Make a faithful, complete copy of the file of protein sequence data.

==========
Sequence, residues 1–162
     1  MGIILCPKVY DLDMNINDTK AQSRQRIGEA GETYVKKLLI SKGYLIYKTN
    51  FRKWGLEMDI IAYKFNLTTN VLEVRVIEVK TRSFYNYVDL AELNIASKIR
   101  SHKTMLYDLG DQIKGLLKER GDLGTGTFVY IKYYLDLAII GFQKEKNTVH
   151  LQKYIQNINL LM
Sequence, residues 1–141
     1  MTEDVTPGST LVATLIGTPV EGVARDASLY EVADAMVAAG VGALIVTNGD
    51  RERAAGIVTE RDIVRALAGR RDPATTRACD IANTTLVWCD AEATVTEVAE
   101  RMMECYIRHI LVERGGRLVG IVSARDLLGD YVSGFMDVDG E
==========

Sequence, residues 1–162
     1  MGIILCPKVY DLDMNINDTK AQSRQRIGEA GETYVKKLLI SKGYLIYKTN
    51  FRKWGLEMDI IAYKFNLTTN VLEVRVIEVK TRSFYNYVDL AELNIASKIR
   101  SHKTMLYDLG DQIKGLLKER GDLGTGTFVY IKYYLDLAII GFQKEKNTVH
   151  LQKYIQNINL LM
Sequence, residues 1–141
     1  MTEDVTPGST LVATLIGTPV EGVARDASLY EVADAMVAAG VGALIVTNGD
    51  RERAAGIVTE RDIVRALAGR RDPATTRACD IANTTLVWCD AEATVTEVAE
   101  RMMECYIRHI LVERGGRLVG IVSARDLLGD YVSGFMDVDG E